Hull Historical owner Brent Hull is a historian at heart, and more than a little obsessed with architecture.
Hull Historical helped maintain the integrity of this 1920s Tudor Revival.
Hull designed the millwork at this Colonial Revival.
The restored carriage house at a Park Hill historic home.
Restoration work inside a historic home in River Crest.
Brent Hull feels you cannot begin a restoration without understanding the unique character and details of the homes style, and teaches about it in his Building and Brews series.
Brent Hull found his passion 30 years ago. Now he wants to share it. The founder of Hull Historical (now called Hull Millwork) has been on an unexpected preservation journey ever since he graduated from Baylor University with a degree in History and English.
“I figured I’d probably end up teaching,” Hull tells PaperCity Fort Worth. “But then a friend of mine told me about North Bennett Street School ― a very specialized trade school in Boston. It’s the oldest trade school in the country, teaching crafts from violin making to bookbinding. Lost crafts.
“I enrolled in their preservation carpentry program and learned how to restore and match historic millwork.”
Hull enjoyed plying his meticulous trade in the historic homes of the Northeast after he completed the program. He is the exclusive licensee for the architectural interiors of the Winterthur Museum and Country Estate in Wilmington, Delaware, the original home of H.F. du Pont. Hull was like a sponge, soaking up the architectural traditions and historic details of the area.
When Brent Hull and his wife, Krissy moved back to her hometown of Fort Worth, he launched Hull Historical which later became Hull Millwork to focus on museum quality restoration. You might say his obsession has grown from there. It’s grown to include design consulting services ― instilling a sense of age to new build projects — along with high profile and under-the-radar historic preservation and restoration projects. Of course Hull Millwork is still highly sought after for its millwork and window restoration work.
Historic houses and architectural detailing is Hull’s passion, and he’s not ashamed to admit he’s kind of a nerd about it. He often gets lost in his library filled with architecture books.
Brent Hull’s 100 Year Vision
After years of painstakingly restoring old windows to last another 100 years, Brent Hull began to notice an alarming trend.
“The old ones we were restoring by hand were doing great, but on the building side, we were putting in standard production windows, with their modern insulated glass, and found they were rotting in 15 years time,” he says. “It’s the insulated glass. It only lasts about 15 years before needing to be replaced. It’s a racket.”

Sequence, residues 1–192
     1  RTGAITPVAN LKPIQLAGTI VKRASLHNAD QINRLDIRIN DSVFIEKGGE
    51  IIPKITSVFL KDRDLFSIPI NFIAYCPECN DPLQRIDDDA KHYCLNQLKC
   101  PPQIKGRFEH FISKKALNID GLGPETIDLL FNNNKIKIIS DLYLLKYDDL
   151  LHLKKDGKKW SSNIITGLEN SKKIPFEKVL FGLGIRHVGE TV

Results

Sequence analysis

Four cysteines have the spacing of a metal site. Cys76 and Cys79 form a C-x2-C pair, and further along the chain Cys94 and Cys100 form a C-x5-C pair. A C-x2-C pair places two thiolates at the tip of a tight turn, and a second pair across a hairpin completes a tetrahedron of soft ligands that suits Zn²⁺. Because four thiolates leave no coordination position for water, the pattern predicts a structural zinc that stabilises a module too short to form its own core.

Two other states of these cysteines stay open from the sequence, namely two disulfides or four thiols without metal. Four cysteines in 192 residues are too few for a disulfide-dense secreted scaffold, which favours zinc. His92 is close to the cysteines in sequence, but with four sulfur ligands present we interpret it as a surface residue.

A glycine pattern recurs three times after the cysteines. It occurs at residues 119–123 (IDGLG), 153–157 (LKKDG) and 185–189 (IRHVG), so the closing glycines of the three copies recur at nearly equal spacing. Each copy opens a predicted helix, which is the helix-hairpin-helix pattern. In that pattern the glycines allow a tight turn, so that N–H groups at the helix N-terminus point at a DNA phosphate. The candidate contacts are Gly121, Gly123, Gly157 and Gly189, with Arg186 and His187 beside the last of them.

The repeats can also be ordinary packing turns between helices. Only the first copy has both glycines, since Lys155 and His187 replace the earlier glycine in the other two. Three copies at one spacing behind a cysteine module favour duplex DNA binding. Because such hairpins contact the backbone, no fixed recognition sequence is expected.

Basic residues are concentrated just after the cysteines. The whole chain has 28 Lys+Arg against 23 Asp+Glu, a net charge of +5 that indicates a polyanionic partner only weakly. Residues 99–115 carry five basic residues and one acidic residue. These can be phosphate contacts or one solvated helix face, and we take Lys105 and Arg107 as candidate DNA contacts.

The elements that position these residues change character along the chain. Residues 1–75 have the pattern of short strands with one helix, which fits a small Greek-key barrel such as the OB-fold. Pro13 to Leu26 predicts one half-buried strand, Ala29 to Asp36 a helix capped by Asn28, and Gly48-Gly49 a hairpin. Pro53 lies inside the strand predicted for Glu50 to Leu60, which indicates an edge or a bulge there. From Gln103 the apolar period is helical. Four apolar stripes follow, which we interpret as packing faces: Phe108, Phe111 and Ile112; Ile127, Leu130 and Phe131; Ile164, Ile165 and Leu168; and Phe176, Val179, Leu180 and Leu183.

In response, Hull launched a new venture last November, bringing his new 100 Year Windows to the market. These historically authentic windows are built the way they used to be, with superior materials like wood, not vinyl, and craftsman construction methods. They’re built to last 100 years.
Hull garnered some national attention in 2016 when the History Channel featured him in Lone Star Restoration. The name recognition helped dedicated historic preservationists find him, but didn’t necessary grow his business. He counts the short-lived series as a great experience, but hated finding so much of the historic nuance he was dishing out simply left on the cutting room floor.
To help get those details across, Hull launched a YouTube Channel where he teaches about the architectural details of different styles. He also started hosting the first in a series of events dubbed Building & Brews, where he unfolds his encyclopedic knowledge for others. Past talks have centered on Georgian, Federal, Greek Revival and Victorian architecture.
“These are studies on house styles and building methods, and a bit about design philosophy,” Hull says. “People should understand why houses look the way they do. There’s tons of great history to explore.”
Don’t get Brent Hull started on the “bad haircuts” he’s had to fix. After a series of homeowners put their own personal stamp on a historic dwelling and utterly muck it up. Before embarking on a renovation, it’s good to know a bit about the intended style first.
Hull recently hosted a Building & Brews on the Arts and Crafts style (which is common home style in Fort Worth). That was the sixth one and Hull plans to continue putting on Building & Brews about every six weeks or so. The next one is scheduled for March 31 and it will be centered around Period Revival. On May 19, another Building & Brews will delve into modern and Art Deco styles.
“The housing inventory in Fort Worth was built in stages, (Forest Park, Berkeley, Arlington Heights) so different neighborhoods have distinct styles,” Hull says. “Some of the most common styles in Fort Worth include English, Tudor, Colonial Revival and Bungalow Period homes.”
It seems that Brent Hull’s journey has come full circle. Now, he’s the teacher.